There is not a single kindergarten in Archa Beshik. This district of Kyrgyzstan’s capital city is home to an estimated 50,000 people, many of whom are young families raising two or three children. There are two primary schools, but neither has the capacity to educate all of Archa Beshik’s children.
Archa Beshik grew from waves of internal migration that began in the early 1990s. People from all corners of Kyrgyzstan moved to Bishkek in search of jobs. The migrants settled here building homes with the materials they could find, and making do without running water or electricity. Over time things have slowly improved in Archa Beshik; however, the community is still lacking schools.
This summer saw a promising sign of change. In June, the community had an official opening ceremony for the Aikol Children’s Development Center. The brainchild of Nuriya Temirova and Gulnara Shukeeva, the center provides classes for children from vulnerable families in Archa Beshik. The women decided to establish the Aikol Children’s Development Center after Nuriya attended a program on social entrepreneurship in Poland. The program, run by the Social Research Center at the American University of Central Asia, brings together promising leaders from NGOs in Kyrgyzstan with social entrepreneurs in Poland to exchange ideas and experiences. It is supported by Open Society Foundations in Kyrgyzstan and Poland as well as the East East: Partnership Beyond Borders Program.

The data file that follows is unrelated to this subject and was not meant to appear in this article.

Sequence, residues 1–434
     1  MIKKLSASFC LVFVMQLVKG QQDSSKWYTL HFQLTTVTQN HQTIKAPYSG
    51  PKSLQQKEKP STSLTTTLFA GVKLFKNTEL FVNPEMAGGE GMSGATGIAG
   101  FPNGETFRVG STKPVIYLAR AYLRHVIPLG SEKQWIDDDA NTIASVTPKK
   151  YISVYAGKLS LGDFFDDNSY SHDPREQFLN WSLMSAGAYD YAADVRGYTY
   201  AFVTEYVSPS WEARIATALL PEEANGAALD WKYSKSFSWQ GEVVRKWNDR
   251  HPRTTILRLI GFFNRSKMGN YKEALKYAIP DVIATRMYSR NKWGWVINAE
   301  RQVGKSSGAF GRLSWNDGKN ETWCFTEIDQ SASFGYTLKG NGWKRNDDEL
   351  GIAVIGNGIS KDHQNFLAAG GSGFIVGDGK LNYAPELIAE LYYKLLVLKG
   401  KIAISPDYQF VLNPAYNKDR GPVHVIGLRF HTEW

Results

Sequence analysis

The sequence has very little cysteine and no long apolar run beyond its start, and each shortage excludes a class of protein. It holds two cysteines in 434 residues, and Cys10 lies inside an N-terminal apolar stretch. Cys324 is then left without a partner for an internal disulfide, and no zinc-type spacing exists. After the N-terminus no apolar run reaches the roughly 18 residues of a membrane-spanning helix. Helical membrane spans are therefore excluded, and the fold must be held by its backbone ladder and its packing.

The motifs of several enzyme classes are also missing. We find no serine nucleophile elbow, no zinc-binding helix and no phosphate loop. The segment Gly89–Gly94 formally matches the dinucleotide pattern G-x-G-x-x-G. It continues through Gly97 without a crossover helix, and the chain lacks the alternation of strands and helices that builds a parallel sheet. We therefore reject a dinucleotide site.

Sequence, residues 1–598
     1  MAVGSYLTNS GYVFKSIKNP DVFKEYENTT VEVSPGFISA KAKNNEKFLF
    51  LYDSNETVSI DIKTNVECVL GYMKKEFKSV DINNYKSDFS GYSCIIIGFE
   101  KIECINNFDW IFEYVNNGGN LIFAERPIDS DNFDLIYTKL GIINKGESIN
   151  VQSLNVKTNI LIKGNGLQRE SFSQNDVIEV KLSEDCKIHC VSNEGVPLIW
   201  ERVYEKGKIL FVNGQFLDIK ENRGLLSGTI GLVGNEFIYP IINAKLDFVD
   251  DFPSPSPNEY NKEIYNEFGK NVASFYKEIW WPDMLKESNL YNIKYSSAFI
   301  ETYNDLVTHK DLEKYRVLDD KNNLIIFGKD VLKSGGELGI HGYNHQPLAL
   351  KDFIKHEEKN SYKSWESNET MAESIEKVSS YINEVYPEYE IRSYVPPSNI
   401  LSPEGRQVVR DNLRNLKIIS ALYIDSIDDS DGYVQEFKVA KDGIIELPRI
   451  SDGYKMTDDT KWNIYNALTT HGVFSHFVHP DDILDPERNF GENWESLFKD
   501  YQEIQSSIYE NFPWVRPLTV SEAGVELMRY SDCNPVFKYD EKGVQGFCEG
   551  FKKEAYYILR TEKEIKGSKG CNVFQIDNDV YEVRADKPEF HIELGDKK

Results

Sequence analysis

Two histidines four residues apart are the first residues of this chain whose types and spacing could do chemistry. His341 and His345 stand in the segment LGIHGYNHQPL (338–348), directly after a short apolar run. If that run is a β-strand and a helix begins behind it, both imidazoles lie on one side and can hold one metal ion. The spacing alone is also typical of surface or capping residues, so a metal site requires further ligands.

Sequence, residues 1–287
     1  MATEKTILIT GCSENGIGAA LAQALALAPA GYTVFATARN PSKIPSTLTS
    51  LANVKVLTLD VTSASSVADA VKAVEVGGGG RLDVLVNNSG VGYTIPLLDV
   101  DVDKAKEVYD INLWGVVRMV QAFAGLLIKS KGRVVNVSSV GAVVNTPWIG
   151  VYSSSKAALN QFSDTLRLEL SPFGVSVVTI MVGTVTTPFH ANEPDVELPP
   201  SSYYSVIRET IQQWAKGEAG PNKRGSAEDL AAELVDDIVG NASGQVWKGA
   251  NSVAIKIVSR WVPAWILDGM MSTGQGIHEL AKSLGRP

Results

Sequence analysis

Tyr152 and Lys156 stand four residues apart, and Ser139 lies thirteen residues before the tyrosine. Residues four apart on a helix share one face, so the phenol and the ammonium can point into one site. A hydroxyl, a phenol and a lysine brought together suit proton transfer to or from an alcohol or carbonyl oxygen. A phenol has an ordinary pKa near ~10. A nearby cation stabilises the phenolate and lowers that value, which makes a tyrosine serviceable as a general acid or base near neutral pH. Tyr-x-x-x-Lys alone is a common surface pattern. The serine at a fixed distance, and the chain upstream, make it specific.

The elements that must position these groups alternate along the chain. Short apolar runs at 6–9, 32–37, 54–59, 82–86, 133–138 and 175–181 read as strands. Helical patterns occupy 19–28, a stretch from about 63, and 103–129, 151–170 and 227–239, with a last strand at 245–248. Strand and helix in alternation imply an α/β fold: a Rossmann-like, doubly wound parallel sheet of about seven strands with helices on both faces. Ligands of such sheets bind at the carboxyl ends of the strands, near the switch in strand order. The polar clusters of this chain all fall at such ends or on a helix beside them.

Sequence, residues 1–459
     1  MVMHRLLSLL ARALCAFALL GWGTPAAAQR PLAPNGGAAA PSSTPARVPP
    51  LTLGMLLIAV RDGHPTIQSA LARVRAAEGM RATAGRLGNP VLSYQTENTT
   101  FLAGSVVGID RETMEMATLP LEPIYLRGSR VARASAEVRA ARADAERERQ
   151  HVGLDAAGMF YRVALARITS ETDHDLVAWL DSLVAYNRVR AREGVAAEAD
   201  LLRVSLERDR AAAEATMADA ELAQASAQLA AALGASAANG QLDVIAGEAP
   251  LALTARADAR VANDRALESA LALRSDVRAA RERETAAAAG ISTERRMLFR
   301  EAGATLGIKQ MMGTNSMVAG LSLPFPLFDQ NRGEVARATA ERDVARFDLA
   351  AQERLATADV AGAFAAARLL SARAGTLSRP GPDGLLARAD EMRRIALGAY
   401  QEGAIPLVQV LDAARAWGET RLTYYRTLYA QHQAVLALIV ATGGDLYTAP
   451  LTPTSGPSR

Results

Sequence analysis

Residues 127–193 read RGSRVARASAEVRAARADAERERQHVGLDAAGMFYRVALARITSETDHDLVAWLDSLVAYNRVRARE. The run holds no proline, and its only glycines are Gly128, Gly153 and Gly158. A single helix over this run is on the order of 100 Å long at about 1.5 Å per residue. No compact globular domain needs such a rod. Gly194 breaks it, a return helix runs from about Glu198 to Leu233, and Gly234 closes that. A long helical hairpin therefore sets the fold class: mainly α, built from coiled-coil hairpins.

Once Nuriya returned to Kyrgyzstan the pair got to work. They set up the center in an office building. They acquired bookcases, tables, and chairs from a local education project funded by USAID. And they enlisted members of the community to donate classroom supplies and toys for the children.
The opening ceremony was a remarkable event. It was attended by community members, NGO representatives, donor organizations, local authorities, and—most important of all—happy children and their parents. Children performed song and dance, and local residents used stones to write tynchtyk (peace) in front of the center.
Today, fifteen children from the ages of three to six years old attend four hours of daily classes at the Aikol Children’s Development Center. Tutors help the children play games, read, and count. The center is planning to recruit a second group of children and hopes to insulate the building in time for winter.
The time Nuriya spent in Poland learning about social entrepreneurship has made a real impact on the lives of Archa Beshik’s youngest inhabitants. What began as an exchange of ideas culminated in the creation of a children’s center; a vision became real change.